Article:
Last month, I had a chance to immerse myself in some of the learning experiences happening around Columbus, Ohio, where I live. I didn’t find out about them through a school or any other education institution. Instead, I read about them in the digital event listings of local news websites.
On Saturday, I spent a couple of hours exploring The Ohio State University’s Museum of Biological Diversity during their annual open house. I learned about butterflies, mollusks, and plant-based dyes and got to talk to researchers about separating DNA for analysis and identifying the kinds of algae present in water samples. That evening, I attended a classical guitar concert put on by the Columbus Guitar Society, where I got a taste of the shifts in scales and style that took place during the Baroque period. On Sunday, I went on a ranger-led wildflower walk at Shale Hollow Preserve, identifying 16 species of wildflowers in a small wooded area next to the Olentangy River.
In college, I avoided the more traditional math and science classes and met the general education requirement by taking courses on global biological issues and the history of scientific thought (a philosophy course conveniently cross-listed by the physics department). Despite an early aversion to science education, I found the two biology-related experiences last month engaging and enjoyable. While my high school and college experiences didn’t give me the frame of reference to know that I enjoy learning about the natural world, my recreational experiences since my mid-twenties have consistently circled back to the pleasure of engaging with it through situated experiences.
So I had a nice weekend. What does that have to do with education?
In the future, experiences like I had this weekend could be part of a lifelong learning log. Enough of them could, over time, even contribute to some kind of credential. If I were pursuing a relevant learning pathway, my experiences could be part of it, extending and deepening – and at least to some extent replacing – classroom learning. The resources that I needed to access them could even be unlocked based on my learning plan. If in the future I decided to pursue a relevant credential, perhaps I could retroactively incorporate them.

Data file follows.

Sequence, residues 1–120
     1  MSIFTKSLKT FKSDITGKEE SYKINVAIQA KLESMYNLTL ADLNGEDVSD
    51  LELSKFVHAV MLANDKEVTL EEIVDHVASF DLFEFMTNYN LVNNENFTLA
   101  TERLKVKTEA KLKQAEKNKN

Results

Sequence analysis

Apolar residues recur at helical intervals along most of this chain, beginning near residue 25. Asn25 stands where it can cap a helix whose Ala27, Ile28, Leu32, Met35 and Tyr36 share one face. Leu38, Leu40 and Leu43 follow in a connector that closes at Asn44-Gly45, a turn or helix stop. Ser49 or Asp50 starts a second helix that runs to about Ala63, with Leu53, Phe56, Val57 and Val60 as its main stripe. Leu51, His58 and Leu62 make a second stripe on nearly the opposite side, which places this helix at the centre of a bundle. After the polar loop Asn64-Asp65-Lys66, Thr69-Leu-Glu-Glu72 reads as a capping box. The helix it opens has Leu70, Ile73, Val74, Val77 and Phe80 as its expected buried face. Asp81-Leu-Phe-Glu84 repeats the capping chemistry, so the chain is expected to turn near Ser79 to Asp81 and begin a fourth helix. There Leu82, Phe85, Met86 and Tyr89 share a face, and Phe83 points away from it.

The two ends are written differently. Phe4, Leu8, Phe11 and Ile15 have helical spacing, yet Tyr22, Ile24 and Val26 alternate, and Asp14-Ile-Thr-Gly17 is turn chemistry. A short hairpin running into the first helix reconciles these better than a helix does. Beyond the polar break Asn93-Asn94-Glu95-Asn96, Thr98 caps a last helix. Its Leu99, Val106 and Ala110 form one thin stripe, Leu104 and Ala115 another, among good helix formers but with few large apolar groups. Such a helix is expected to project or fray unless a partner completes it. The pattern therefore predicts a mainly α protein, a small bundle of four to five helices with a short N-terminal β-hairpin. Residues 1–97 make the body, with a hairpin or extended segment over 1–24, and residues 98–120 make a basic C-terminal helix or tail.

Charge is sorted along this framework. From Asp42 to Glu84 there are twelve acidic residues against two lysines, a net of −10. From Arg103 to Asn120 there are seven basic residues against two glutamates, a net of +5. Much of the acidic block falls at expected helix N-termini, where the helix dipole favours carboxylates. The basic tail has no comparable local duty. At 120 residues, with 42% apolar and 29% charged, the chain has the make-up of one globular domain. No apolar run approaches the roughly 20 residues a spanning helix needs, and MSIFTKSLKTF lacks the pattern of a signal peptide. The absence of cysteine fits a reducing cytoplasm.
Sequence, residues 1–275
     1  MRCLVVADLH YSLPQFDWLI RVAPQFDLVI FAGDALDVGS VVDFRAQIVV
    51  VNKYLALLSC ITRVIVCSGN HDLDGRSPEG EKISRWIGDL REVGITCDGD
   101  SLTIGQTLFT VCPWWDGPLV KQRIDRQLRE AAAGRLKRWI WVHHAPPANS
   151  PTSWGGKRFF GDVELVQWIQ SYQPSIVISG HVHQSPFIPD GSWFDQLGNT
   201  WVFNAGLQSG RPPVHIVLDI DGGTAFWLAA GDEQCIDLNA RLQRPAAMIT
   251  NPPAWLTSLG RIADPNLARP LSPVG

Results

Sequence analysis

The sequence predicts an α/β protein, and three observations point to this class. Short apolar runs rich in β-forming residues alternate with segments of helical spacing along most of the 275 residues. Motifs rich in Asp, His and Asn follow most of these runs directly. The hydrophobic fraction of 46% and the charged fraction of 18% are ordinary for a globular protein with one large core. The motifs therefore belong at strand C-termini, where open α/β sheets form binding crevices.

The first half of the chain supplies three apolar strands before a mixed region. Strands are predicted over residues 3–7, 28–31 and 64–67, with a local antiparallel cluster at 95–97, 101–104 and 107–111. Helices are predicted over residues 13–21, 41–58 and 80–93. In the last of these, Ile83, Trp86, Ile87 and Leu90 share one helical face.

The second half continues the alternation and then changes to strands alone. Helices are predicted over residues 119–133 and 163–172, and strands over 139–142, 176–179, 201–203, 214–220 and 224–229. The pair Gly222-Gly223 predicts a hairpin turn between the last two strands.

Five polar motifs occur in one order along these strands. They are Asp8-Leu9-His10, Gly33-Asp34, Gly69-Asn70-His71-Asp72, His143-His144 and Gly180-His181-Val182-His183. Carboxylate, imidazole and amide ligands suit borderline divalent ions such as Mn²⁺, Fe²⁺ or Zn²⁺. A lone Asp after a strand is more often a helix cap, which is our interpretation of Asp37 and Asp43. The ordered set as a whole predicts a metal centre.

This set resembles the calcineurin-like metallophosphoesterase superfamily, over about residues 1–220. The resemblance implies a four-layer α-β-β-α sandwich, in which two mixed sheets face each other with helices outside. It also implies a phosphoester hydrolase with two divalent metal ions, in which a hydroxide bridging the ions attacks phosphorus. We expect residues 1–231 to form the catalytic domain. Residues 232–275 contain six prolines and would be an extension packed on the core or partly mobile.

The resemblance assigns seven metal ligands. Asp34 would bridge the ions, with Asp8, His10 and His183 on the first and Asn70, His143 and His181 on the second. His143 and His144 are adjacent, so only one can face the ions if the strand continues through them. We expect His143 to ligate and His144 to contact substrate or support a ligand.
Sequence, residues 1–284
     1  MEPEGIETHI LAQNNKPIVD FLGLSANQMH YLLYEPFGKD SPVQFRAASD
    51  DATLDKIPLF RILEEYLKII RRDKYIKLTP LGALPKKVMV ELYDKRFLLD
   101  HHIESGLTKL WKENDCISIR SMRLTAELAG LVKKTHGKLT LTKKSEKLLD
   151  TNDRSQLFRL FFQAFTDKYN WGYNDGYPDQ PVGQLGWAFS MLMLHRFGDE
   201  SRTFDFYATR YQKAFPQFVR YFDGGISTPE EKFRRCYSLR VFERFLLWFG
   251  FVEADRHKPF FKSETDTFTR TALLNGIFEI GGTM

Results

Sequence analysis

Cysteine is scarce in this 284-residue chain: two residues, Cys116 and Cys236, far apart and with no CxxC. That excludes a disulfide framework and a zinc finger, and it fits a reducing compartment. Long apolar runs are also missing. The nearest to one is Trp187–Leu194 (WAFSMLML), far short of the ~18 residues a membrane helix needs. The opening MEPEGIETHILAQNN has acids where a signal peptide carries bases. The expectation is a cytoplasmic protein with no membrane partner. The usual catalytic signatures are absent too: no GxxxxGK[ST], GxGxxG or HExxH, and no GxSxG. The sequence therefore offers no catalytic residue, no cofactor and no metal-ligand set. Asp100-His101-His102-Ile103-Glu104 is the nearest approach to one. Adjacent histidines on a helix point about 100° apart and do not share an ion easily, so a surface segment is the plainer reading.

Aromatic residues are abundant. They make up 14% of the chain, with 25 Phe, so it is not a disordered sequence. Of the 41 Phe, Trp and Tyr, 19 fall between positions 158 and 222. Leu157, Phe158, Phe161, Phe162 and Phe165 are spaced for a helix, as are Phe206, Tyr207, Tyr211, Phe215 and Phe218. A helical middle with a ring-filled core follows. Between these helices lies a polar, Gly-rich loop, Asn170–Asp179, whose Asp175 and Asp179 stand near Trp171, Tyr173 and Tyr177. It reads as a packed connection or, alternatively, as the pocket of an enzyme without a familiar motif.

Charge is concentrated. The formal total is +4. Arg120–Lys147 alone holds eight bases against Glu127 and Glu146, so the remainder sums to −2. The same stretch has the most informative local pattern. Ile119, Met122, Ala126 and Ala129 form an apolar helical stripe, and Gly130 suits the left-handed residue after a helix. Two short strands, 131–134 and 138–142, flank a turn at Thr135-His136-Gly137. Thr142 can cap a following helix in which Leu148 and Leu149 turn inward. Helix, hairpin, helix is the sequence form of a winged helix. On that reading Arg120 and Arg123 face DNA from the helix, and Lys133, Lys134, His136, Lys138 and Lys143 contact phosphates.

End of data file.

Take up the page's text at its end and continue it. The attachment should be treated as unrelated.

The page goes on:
One mechanism that could make these kinds of possibilities happen is a smart contract. Smart contracts are self-executing contracts stored on a distributed, encrypted digital ledger called the blockchain. While the blockchain tracks and verifies basic transactions, smart contracts can be programmed to carry out more complex transactions.
In our recent forecast, The Future of Learning: Education in the Era of Partners in Code, we explore the potential for custom learning contracts powered by smart contracts to enable learners and parents to set up agreements around a whole host of functions, from secure payments to learning experience access to autonomous transportation. For example, what if:
Each learner had a Smart Learning Fast Pass that unlocked learning opportunities as the student was ready for them and transferred money from learner-controlled funding allotments to the learning experience providers?
A universal student record made it possible for comprehensive student data to follow each learner throughout the education lifecycle, creating a rich personal learning history that could inform future learning pathways?
Smart contracts could enable learners and their families to access experiences and resources across more distributed and diverse learning ecosystems, making learning journeys more personalized and more supportive of individuals’ distinct interests, needs, and aspirations. They represent just one way in which blockchain might enable new transactional models in education.
We’re exploring more impacts of blockchain and cultural shifts in our forthcoming publication, “Learning on the Block: Could Smart Transactional Models Help Power Personalized Learning?” Register to be notified upon its release.
In the meantime, what do you see smart contracts enabling? What opportunities might they present, and what challenges might we watch for? Which of your experiences might they help connect – even if you don’t yet realize that you’re on a specific learning pathway?
Katherine Prince is the Senior Director of Strategic Foresight at KnowledgeWorks. She is excited about the future of learning, transformative leadership, and building resilient solutions for a sustainable world.